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Timefortruth Donating Member (1000+ posts) Send PM | Profile | Ignore Tue Apr-13-04 10:31 PM
Response to Original message
8. 20%-30% more than you have. nt
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DemoTex Donating Member (1000+ posts) Send PM | Profile | Ignore Tue Apr-13-04 10:43 PM
Response to Original message
10. A banker friend in Griffin, Georgia once told me ...
Edited on Tue Apr-13-04 10:44 PM by DemoTex
(...as I took out another 90-day note to finish Georgia Tech), that you would not believe the massive debt of the most prominent MDs in the town (his dad was a dead MD). I paid off that debt quick (at 15%!). We have eschewed consumer debt for the 30 years of our marriage. No car loans, no credit card balances, etc. So, our $500,000 per year incomes (Ha! I wish!) beats the hell out of the thoracic surgeon's $500,000 per, when she is in debt to her ears.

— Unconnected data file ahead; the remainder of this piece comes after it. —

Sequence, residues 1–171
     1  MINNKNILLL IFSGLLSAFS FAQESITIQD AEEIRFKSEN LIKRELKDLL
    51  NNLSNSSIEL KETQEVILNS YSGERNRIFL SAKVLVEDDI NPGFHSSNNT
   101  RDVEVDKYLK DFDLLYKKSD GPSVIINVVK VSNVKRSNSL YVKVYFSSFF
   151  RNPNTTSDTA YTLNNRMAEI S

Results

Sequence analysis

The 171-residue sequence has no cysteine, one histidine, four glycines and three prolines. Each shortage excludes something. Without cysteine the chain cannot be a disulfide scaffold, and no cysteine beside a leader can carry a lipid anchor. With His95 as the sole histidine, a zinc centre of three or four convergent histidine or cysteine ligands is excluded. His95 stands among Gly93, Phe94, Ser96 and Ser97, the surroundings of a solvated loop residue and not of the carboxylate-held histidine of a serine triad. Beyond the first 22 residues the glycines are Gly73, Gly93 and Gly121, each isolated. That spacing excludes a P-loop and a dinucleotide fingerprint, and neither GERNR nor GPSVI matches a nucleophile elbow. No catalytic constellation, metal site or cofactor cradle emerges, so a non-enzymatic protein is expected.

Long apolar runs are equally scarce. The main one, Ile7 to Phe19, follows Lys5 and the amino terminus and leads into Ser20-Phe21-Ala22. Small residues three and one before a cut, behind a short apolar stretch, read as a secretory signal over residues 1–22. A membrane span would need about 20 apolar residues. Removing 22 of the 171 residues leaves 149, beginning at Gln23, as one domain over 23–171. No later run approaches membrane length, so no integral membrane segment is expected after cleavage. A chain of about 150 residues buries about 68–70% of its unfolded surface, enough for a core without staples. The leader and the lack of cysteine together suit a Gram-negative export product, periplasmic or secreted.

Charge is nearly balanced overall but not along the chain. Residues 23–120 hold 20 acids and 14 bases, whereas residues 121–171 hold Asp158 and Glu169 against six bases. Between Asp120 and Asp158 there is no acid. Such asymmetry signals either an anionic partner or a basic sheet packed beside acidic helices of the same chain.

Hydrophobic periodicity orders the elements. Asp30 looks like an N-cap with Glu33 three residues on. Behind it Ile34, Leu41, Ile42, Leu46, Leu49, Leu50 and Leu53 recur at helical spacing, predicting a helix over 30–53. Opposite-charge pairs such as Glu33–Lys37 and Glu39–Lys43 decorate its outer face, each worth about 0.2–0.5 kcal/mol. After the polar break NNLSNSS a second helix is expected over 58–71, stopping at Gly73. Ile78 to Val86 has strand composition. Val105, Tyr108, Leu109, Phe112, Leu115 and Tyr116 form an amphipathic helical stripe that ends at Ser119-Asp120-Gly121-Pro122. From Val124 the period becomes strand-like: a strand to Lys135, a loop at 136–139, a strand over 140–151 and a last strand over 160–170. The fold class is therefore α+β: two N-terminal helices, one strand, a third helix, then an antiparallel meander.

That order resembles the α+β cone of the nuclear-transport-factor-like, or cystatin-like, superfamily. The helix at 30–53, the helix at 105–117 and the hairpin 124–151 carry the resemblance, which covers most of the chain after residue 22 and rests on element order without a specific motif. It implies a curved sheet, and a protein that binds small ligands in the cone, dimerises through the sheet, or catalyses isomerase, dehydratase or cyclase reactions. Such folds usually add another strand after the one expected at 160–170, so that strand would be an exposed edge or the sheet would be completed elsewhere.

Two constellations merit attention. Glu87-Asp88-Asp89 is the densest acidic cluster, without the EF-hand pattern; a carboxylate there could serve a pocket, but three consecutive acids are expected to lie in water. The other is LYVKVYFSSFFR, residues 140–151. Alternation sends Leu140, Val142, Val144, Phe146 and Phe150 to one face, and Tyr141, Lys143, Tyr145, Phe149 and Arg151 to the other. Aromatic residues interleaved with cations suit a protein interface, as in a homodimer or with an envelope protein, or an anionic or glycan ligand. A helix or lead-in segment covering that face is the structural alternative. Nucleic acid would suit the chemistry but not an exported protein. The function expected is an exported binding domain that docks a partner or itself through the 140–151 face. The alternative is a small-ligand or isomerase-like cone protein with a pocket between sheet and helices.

The $500k aside, and our real income a closely guarded secret, we are quite "rich" vis-a-vis lack of debt on the balance sheet. High salary does not equal riches, if high debt is along for the ride. Verb Sap.
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osaMABUSh Donating Member (1000+ posts) Send PM | Profile | Ignore Tue Apr-13-04 10:44 PM
Response to Original message
11. It's not how much you make - it's how much you spend
Just read a book about turning to debt into wealth and one of the biggest things I learned was it's not that we don't make enough money it's just that we spend too much.

In a few short months I already feel better off because I stopped letting money leak out of my life. I stopped wasting money on the daily coffee and bagel, bag my lunch, keep my old Honda in running order, say no to meaningless impulse buys, etc. The only debt I have is a mortgage (albeit, a big one) but three months ago for the first time ever I paid extra on the principal and now do that every month.

To answer your question though, to feel rich I think everyone would say that if they made 50% more.

I feel comfortable by spending 25% less.